Whilst this is possible without AI, resources are limited (a marketer will tend to rely on average repurchase rates, rather than individual customer data). Being able to trigger an automatic email based on a custom time frame rather than sticking religiously to a fixed time frame will increase the chances of catching the user at the right time. 

AI makes it possible to make the process far more refined, incorporating important factors like the amount of the goods purchased. It can also use the information it’s got to decide the right amount of reminder messages to send (as, often, retailers send too many!).

Predictive insights about lapsed customers

Just as every customer is different, every retailer is different, and the lifecycle of a customer looks different. Relying on standard benchmarks of how long a customer stays engaged with a brand on average is no use if it doesn’t apply to your business.

What AI can do is learn about the patterns of how your customers shop and identify when a customer or group of customers has become disengaged with your brand and prompt you to send a campaign to win them back. This could be in the form of a discount code, or a reminder of their favorite product. 

When you have a campaign that is generating results for you, you can then automate this process to anticipate when customers are about to lapse and try to prevent it.

Greater efficiency

Like a calculator can carry out complex calculations faster than a mathematician, machine-learning algorithms can process huge sets of data faster than a marketer.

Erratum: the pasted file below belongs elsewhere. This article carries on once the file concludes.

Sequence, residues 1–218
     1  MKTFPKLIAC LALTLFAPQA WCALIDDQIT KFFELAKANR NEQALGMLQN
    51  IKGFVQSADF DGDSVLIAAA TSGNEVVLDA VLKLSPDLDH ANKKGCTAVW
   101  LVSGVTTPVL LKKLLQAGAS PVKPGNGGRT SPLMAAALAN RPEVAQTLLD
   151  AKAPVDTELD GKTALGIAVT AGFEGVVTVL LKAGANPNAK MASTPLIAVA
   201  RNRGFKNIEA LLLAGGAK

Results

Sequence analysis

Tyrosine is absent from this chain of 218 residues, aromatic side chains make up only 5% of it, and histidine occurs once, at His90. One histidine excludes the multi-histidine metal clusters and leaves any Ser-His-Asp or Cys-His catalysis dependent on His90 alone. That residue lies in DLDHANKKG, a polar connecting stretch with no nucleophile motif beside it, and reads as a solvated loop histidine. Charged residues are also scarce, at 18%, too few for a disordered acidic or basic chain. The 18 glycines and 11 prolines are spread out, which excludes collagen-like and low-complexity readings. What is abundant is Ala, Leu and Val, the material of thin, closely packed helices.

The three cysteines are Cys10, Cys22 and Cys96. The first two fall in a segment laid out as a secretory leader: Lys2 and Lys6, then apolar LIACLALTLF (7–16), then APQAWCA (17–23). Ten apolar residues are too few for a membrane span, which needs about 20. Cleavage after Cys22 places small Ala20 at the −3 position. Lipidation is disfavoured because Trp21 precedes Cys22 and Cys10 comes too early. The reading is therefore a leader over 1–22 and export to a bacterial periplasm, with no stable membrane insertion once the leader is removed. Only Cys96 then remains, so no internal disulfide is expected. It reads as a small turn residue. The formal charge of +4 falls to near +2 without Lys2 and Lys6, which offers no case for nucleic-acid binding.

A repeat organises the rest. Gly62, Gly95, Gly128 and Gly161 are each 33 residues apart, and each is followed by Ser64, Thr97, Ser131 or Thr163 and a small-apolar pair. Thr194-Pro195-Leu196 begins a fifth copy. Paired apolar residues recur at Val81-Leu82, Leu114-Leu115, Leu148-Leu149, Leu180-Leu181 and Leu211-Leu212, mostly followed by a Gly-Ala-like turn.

This means that, thanks to AI, any form of communication between a brand and a customer will be swifter and more efficient than ever before.

An example of this could be campaign optimisation. Instead of a marketer needing to manually check in on campaign performance, and using methods such as A/B testing to try and optimise it, AI has the potential to do this for you.

The following elements of a campaign can be decided by algorithm using a feedback loop:

  • Content | Will customer A. prefer to read about [X] or [X]?
  • Send-time | What time does customer A. tend to open and click-through on emails?
  • Incentives | Do incentives even work for customer A.?
  • Cross-channel | Which channels does customer A. actually like using?

Frequency management

As retailers pursue this increasingly complex range of  AI-powered automated campaigns, it’s essential that the customer experience is optimized, ensuring that the right number of messages are sent using the best possible channels. Using AI to profile customers and understand the optimal number of sends on the channels they are most responsive to can ensure marketers keep the quality of the experience high. 


When we talk about AI, it’s important to bear in mind that a lot of the rules, limits and parameters that AI-powered systems operate in are put in by humans, and configured by them. So, rather than a robot going rogue and generating discount codes at random, and spamming your customers with messages because that generates sales, any good AI-powered solution should be built to support marketing rather than take over controls. 

By automating the regular processes marketers go through, and by identifying opportunities in the customer data of micro-segments that are likely to convert with the right messages, AI can be a help to marketers as it increases the likelihood that any given campaign or set of communications will have a positive impact on your customers. 

The sheer complexity of the modern customer journey means that AI absolutely necessary for the modern retail marketer to succeed at their job. 


To find out more about how we incorporate AI into our success model, click here